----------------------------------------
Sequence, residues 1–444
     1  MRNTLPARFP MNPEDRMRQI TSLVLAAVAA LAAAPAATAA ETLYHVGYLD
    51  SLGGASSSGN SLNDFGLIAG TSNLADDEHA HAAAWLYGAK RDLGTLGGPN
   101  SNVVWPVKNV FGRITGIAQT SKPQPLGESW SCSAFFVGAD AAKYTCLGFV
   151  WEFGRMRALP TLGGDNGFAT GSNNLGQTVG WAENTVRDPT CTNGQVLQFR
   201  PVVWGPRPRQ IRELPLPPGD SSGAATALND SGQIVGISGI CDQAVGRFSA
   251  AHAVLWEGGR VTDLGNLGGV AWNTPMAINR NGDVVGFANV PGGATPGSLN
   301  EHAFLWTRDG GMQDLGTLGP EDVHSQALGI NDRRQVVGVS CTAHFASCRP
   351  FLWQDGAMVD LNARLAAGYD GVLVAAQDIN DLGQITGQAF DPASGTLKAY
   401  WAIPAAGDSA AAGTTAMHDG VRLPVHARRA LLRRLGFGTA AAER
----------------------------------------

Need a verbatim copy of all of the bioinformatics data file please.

Sequence, residues 1–444
     1  MRNTLPARFP MNPEDRMRQI TSLVLAAVAA LAAAPAATAA ETLYHVGYLD
    51  SLGGASSSGN SLNDFGLIAG TSNLADDEHA HAAAWLYGAK RDLGTLGGPN
   101  SNVVWPVKNV FGRITGIAQT SKPQPLGESW SCSAFFVGAD AAKYTCLGFV
   151  WEFGRMRALP TLGGDNGFAT GSNNLGQTVG WAENTVRDPT CTNGQVLQFR
   201  PVVWGPRPRQ IRELPLPPGD SSGAATALND SGQIVGISGI CDQAVGRFSA
   251  AHAVLWEGGR VTDLGNLGGV AWNTPMAINR NGDVVGFANV PGGATPGSLN
   301  EHAFLWTRDG GMQDLGTLGP EDVHSQALGI NDRRQVVGVS CTAHFASCRP
   351  FLWQDGAMVD LNARLAAGYD GVLVAAQDIN DLGQITGQAF DPASGTLKAY
   401  WAIPAAGDSA AAGTTAMHDG VRLPVHARRA LLRRLGFGTA AAER